An acid is a molecule or ion capable of donating a hydron, or, capable of forming a covalent bond with an electron pair. The first category of acids is the proton donors or Brønsted acids. In the special case of aqueous solutions, proton donors form the hydronium ion H3O+ and are known as Arrhenius acids. Brønsted and Lowry generalized the Arrhenius theory to include non-aqueous solvents. A Brønsted or Arrhenius acid contains a hydrogen atom bonded to a chemical structure, still energetically favorable after loss of H+. Aqueous Arrhenius acids have characteristic properties which provide a practical description of an acid. Acids form aqueous solutions with a sour taste, can turn blue litmus red, react with bases and certain metals to form salts; the word acid is derived from the Latin acidus/acēre meaning sour. An aqueous solution of an acid has a pH less than 7 and is colloquially referred to as'acid', while the strict definition refers only to the solute. A lower pH means a higher acidity, thus a higher concentration of positive hydrogen ions in the solution.
Chemicals or substances having the property of an acid are said to be acidic. Common aqueous acids include hydrochloric acid, acetic acid, sulfuric acid, citric acid; as these examples show, acids can be solutions or pure substances, can be derived from acids that are solids, liquids, or gases. Strong acids and some concentrated weak acids are corrosive, but there are exceptions such as carboranes and boric acid; the second category of acids are Lewis acids. An example is boron trifluoride, whose boron atom has a vacant orbital which can form a covalent bond by sharing a lone pair of electrons on an atom in a base, for example the nitrogen atom in ammonia. Lewis considered this as a generalization of the Brønsted definition, so that an acid is a chemical species that accepts electron pairs either directly or by releasing protons into the solution, which accept electron pairs. However, hydrogen chloride, acetic acid, most other Brønsted-Lowry acids cannot form a covalent bond with an electron pair and are therefore not Lewis acids.
Conversely, many Lewis acids are not Brønsted-Lowry acids. In modern terminology, an acid is implicitly a Brønsted acid and not a Lewis acid, since chemists always refer to a Lewis acid explicitly as a Lewis acid. Modern definitions are concerned with the fundamental chemical reactions common to all acids. Most acids encountered in everyday life are aqueous solutions, or can be dissolved in water, so the Arrhenius and Brønsted-Lowry definitions are the most relevant; the Brønsted-Lowry definition is the most used definition. Hydronium ions are acids according to all three definitions. Although alcohols and amines can be Brønsted-Lowry acids, they can function as Lewis bases due to the lone pairs of electrons on their oxygen and nitrogen atoms; the Swedish chemist Svante Arrhenius attributed the properties of acidity to hydrogen ions or protons in 1884. An Arrhenius acid is a substance that, when added to water, increases the concentration of H+ ions in the water. Note that chemists write H+ and refer to the hydrogen ion when describing acid-base reactions but the free hydrogen nucleus, a proton, does not exist alone in water, it exists as the hydronium ion, H3O+.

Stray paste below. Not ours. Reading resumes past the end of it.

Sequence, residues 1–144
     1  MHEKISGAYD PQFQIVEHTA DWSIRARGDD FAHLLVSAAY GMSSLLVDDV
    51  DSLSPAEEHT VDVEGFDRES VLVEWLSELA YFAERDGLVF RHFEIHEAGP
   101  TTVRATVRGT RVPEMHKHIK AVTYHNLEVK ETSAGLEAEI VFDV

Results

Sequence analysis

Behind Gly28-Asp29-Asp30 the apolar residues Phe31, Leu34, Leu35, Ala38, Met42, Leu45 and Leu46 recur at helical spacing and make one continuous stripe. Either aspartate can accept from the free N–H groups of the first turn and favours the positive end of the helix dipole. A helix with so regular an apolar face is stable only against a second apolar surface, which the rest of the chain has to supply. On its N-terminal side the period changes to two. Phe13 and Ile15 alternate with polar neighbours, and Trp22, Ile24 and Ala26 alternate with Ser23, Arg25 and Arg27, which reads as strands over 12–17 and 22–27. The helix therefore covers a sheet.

Thus, an Arrhenius acid can be described as a substance that increases the concentration of hydronium ions when added to water. Examples include molecular substances such as acetic acid. An Arrhenius base, on the other hand, is a substance which increases the concentration of hydroxide ions when dissolved in water; this decreases the concentration of hydronium because the ions react to form H2O molecules: H3O+ + OH− ⇌ H2O + H2ODue to this equilibrium, any increase in the concentration of hydronium is accompanied by a decrease in the concentration of hydroxide. Thus, an Arrhenius acid could be said to be one that decreases hydroxide concentration, while an Arrhenius base increases it. In an acidic solution, the concentration of hydronium ions is greater than 10−7 moles per liter. Since pH is defined as the negative logarithm of the concentration of hydronium ions, acidic solutions thus have a pH of less than 7. While the Arrhenius concept is useful for describing many reactions, it is quite limited in its scope.
In 1923 chemists Johannes Nicolaus Brønsted and Thomas Martin Lowry independently recognized that acid-base reactions involve the transfer of a proton. A Brønsted-Lowry acid is a species. Brønsted-Lowry acid-base theory has several advantages over Arrhenius theory. Consider the following reactions of acetic acid, the organic acid that gives vinegar its characteristic taste: CH3COOH + H2O ⇌ CH3COO− + H3O+ CH3COOH + NH3 ⇌ CH3COO− + NH+4Both theories describe the first reaction: CH3COOH acts as an Arrhenius acid because it acts as a source of H3O+ when dissolved in water, it acts as a Brønsted acid by donating a proton to water. In the second example CH3COOH undergoes the same transformation, in this case donating a proton to ammonia, but does not relate to the Arrhenius definition of an acid because the reaction does not produce hydronium. CH3COOH is